6. The texts and their theology are of primary importance to Orthodox liturgical practice, and basically "drive" the music. Therefore the words must be pronounced carefully with great attention to diction, so the words are understandable. If the tempo is too fast, clear diction disappears, and there are simply sounds, not words. Much of our magnificent Orthodox theology is contained in the beautiful poetry of the hymns of the Divine Services, which is lost if not sung and chanted in an understandable way (and of course, in an understandable language).

Recognizing the Contemporary Liturgical "Heresy"

When we fail to adhere to these basic elements of the liturgical practice of Orthodox Divine Worship, and allow our secular and worldly practices and mentality to creep in, we basically are participating in what can be called a modern-day heresy that gradually undermines the fundamental principle of liturgical theology, namely, that what we do in our Divine Services is a reflection of, and corresponds to, continuous heavenly Divine Worship. It is vital that we recognize this growing, insidious "heresy" for what it is and avoid it, and not protest against and reject our centuries of authentic Orthodox Tradition.

Since it is natural for us Orthodox to be influenced by our surrounding Protestant and secular culture, we might point out here that the very concept of earthly worship as corresponding to heavenly worship is totally absent in Protestantism. As a result, what is called "worship" easily becomes individualistic, self-centered and worldly, instead of God-centered--"what do I get out of it?" rather than, "how can I worship God more fully and more continuously?" What should be worship, then easily becomes "entertainment," especially in the music dimension of church services, so that people will "enjoy" themselves. In contrast, only Orthodox call their church services "Divine Services," reflecting on earth the experience of the continuous worship of God in Heaven. And only Orthodox call the Mass/Eucharist/Communion service the "Divine Liturgy." Orthodox must guard against a "protesting" against Traditional Orthodox liturgical practice and introducing individualistic personal preferences, under the influence of secular culture and music practice, and Protestant "worship" ideology and practice which contradict Orthodox liturgical theology and practice. It is urgent and vital that we resist the temptation to insidiously secularize and protestantize our Orthodox Divine worship, and recall to mind that the word "Orthodox" means both "correct worship," as well as "correct doctrine."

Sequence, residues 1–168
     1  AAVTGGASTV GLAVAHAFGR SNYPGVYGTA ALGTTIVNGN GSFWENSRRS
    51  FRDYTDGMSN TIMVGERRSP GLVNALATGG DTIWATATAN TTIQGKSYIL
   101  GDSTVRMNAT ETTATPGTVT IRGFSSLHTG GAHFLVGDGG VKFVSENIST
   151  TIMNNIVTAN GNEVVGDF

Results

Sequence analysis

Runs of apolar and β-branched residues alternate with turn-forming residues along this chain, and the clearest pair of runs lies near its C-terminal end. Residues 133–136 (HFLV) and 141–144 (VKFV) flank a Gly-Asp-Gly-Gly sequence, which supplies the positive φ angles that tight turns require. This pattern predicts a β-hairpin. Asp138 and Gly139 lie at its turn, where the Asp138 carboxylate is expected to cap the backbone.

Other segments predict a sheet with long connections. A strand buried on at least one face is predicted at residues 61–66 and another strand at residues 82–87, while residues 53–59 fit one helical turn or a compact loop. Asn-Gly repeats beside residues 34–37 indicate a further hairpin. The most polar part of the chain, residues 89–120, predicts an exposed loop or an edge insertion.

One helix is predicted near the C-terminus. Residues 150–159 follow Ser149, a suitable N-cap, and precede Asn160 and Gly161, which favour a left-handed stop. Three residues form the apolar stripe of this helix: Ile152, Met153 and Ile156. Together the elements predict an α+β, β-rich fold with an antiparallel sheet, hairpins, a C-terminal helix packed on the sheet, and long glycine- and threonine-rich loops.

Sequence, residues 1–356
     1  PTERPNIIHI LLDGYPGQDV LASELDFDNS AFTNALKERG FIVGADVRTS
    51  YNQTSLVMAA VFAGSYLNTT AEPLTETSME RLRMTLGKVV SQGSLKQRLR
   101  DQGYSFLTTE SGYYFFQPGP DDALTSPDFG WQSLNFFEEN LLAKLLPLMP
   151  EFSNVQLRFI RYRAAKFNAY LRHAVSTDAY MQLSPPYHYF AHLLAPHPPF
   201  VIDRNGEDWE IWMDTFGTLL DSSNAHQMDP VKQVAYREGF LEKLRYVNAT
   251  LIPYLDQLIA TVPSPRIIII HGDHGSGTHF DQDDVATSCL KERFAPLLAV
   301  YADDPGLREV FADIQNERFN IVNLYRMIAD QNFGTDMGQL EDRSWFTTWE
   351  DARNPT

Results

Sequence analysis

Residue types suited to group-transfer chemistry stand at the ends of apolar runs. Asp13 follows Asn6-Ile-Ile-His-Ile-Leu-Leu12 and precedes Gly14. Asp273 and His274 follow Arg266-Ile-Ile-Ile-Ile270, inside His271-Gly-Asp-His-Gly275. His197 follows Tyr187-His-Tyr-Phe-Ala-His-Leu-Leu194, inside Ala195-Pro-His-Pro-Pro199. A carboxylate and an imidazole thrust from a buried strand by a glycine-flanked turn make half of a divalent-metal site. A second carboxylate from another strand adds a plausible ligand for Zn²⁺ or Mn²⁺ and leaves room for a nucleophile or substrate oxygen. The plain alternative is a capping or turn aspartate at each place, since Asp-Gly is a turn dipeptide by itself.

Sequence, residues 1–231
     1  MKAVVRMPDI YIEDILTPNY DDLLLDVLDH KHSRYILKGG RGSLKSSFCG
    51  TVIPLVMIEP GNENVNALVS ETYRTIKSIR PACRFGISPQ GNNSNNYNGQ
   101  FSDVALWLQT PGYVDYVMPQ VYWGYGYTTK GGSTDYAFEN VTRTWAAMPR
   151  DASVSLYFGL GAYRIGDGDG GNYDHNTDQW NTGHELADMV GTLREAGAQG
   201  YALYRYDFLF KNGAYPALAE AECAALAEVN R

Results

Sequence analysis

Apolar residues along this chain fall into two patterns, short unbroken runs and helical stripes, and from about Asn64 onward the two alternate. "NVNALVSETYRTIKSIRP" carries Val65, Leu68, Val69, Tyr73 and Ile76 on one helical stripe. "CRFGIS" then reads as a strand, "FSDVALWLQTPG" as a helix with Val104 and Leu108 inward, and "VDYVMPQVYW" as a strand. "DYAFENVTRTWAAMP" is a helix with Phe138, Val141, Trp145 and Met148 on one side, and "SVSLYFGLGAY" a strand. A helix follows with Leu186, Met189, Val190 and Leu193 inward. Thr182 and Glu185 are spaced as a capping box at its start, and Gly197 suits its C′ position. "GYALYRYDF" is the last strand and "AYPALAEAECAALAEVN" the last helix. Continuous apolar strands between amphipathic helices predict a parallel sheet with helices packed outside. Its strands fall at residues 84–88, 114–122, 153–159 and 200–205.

It is vital that we understand the meaning of Orthodox Divine Services as Divine, not earthly and worldly Worship, so that choir directors, choir singers and chanters authentically fulfill their privileged and honored roles given to them to properly lead heavenly worship on earth. If we know why Orthodox do things a certain way, it helps us to resist the worldly influences and temptations to alter Orthodox practice to conform to what we have been socialized in our worldly lives to think is the "correct" way of doing things. To succumb to these worldly, secular, "protestantizing" temptations is to participate in this modern "heresy."


In conclusion, we hope that these few words have been helpful in understanding why things are done in certain ways in Orthodox liturgical practice, and therefore to understand why it is so necessary to guard against the temptations to change Traditional liturgical practice (changes that at first might be barely perceptible), in order for it to conform more with what we experience around us in our everyday lives--that is, that it conforms more with the values and practices of the secular, temporal world, rather than reflecting and corresponding to Divine Reality and the opportunity to participate in the experience of standing in the Presence of the Eternal God in Orthodox Divine Worship.

(The author has a seminary M.Th (Masters of Theology), M.A. and Ph.D. degrees, with many years of studying, teaching and writings on a wide variety of Orthodox subjects, including liturgical theology, and the history and meaning of icons and other Orthodox liturgical arts, as well as a lifetime of singing Divine Services, plus chanting and conducting.)

With sincere agape in His Holy Diakonia,
The sinner and unworthy servant of God

+Father George